It's strange. We're only three weeks in to this whole "working with a team" thing, but in that time, we've made huge strides. It's not just that we've laid a lot of groundwork before hiring anyone - though obviously, that's been a huge help so far. Having worked together before really helps. It's easy to move fast. We don't need to spend so much time learning how we all work together, and we know we're starting from a lot of the same shared experience & assumptions.
So the last three weeks have been incredibly productive. We've laid a lot of the groundwork for the game's "lore", and I'm actually really excited by how well it all works together. There are times when authors talk about how their characters just "do things" on their own, and I think that a big part of that is that if you set up good ground rules and create a consistent world, a lot of the rest of the narrative just falls logically out of that. For us, we're starting with the idea that you're interacting with an alternate reality that was identical to our world until fairly recently, but one thing caused a significant divergence from our reality. Everything else from there is "consistent", but that one change leads in a lot of interesting directions.
We've also been playing a lot of the prototype. As you play your own game, it's easy to lose sight of its weaknesses, and its problems become more and more difficult to see. Fortunately, with new eyes on it, we got some new perspective on a long-running problem, and after trying a few different optiosn, we settled on a change that's made the game a lot more dynamic. It's not that different, but it is quite a bit better. The awesome thing is that we made the change in the card-based prototype, played a few rounds, decided we liked it, and it was only a matter of a day or so before it was in the code prototype where we could play it a lot.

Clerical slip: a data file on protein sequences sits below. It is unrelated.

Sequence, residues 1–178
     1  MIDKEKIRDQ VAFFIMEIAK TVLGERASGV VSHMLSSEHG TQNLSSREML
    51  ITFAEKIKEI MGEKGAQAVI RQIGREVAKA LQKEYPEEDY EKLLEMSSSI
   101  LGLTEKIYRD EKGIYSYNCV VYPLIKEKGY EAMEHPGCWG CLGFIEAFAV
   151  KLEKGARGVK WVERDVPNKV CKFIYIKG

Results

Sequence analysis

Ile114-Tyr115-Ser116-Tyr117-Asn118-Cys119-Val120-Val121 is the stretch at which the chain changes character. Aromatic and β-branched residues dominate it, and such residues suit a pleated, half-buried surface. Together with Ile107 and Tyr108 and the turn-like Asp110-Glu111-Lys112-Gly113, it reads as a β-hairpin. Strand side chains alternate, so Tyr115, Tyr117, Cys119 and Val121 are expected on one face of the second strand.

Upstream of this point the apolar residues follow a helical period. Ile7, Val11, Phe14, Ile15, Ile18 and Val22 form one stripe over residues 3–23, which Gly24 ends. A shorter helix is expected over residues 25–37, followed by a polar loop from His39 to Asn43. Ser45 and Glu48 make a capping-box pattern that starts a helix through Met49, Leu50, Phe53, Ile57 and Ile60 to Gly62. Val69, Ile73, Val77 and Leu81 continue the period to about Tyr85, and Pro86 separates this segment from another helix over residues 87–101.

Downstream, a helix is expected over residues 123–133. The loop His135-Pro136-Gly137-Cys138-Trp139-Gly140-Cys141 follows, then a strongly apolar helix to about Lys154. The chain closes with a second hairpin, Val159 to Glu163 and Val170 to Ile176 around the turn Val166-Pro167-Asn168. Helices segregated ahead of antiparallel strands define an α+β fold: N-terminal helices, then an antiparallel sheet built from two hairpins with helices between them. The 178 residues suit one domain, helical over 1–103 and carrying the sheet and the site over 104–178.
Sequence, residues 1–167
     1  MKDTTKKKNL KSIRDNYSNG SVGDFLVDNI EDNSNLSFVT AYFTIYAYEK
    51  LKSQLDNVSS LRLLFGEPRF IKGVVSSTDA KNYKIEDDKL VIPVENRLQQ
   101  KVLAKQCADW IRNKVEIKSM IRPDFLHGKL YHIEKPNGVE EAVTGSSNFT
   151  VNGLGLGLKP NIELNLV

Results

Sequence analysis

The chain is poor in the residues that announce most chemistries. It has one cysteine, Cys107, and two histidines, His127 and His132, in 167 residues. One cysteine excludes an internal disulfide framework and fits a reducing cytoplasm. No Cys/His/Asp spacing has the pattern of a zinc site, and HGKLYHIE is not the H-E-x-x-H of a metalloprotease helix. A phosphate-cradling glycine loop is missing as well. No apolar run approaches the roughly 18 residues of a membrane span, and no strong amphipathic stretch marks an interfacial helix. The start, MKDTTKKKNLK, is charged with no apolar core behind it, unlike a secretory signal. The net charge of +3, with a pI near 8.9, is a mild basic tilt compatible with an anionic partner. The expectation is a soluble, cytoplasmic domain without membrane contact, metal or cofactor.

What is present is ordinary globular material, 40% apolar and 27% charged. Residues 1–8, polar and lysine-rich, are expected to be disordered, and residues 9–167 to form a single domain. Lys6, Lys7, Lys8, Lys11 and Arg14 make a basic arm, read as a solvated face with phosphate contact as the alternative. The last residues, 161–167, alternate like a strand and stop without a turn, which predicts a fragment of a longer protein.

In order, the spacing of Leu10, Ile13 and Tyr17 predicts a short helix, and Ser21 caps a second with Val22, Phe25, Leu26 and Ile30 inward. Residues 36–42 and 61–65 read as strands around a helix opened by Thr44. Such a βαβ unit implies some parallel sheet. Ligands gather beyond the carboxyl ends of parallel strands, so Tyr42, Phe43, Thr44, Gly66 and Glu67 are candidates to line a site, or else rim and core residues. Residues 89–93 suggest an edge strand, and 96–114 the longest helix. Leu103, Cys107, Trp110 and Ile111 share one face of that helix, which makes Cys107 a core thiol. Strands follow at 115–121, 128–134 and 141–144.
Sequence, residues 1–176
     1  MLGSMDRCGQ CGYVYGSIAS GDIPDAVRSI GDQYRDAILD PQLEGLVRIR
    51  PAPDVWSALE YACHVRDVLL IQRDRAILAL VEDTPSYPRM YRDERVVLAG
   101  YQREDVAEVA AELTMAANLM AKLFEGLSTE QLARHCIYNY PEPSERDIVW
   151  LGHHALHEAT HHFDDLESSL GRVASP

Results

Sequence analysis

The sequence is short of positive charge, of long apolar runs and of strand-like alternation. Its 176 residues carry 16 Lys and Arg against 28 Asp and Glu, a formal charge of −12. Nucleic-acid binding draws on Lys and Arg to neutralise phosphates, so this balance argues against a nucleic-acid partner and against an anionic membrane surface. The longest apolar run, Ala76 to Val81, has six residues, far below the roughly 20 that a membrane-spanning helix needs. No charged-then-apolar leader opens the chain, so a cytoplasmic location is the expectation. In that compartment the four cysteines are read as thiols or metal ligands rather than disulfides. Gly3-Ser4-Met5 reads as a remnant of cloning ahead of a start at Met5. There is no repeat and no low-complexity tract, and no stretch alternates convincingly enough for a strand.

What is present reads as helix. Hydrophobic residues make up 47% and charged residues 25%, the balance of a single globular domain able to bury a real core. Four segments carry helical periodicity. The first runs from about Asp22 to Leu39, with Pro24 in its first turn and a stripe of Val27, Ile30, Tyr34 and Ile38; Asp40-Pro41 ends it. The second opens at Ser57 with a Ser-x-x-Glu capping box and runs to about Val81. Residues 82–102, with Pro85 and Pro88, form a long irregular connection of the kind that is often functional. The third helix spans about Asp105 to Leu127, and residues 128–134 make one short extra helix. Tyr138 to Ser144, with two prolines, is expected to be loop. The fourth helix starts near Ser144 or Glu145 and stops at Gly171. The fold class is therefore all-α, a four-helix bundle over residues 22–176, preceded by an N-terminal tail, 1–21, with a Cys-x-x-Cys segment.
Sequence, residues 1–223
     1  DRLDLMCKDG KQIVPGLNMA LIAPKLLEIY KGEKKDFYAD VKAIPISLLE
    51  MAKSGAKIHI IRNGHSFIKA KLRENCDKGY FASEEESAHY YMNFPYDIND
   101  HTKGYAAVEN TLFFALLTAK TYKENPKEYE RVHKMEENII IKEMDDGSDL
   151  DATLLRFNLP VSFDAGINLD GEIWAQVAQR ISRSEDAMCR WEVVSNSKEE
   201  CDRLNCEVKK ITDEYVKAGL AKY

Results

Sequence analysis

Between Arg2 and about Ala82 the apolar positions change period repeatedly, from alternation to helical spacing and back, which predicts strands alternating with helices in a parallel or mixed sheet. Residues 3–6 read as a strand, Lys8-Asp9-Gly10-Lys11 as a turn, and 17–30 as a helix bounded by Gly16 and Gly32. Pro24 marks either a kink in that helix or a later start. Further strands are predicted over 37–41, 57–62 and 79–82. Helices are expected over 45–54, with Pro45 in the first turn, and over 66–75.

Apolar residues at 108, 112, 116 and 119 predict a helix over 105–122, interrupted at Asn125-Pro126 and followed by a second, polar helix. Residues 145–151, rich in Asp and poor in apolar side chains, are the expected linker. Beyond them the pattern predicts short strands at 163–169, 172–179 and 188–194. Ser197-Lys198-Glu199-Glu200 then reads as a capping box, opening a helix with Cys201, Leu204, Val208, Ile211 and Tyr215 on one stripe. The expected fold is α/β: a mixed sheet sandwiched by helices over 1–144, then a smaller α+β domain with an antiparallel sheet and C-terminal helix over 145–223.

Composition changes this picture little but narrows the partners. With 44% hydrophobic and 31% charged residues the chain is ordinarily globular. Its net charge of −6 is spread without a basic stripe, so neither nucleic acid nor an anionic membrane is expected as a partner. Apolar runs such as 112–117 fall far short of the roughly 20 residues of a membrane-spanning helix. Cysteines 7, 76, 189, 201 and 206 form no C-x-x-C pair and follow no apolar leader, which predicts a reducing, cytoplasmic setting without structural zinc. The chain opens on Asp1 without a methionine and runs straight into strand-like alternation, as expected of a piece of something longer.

We're getting close to the point where we're going to have a "friends and family" release. We're not close to releasing (there's a huge amount of extra stuff - tutorials, animation, polish - before it meets the criteria for even a minimal version of something that the public would "understand"). That's still a little ways off - but there's enough there that it's feeling like a game and not a prototype. On Friday evening as we were wrapping things up for the week, we were just sitting around playing the current build. It's got maybe four frames of animation, total. The button that submits your turn ends up mostly covered (sometimes) by the cards that you play. About one in ten cards doesn't work correctly. But for the first time, it felt like the thing we see in our heads, and while playing it we lost track of the time.
We're getting there. I can't wait until you can play this, too.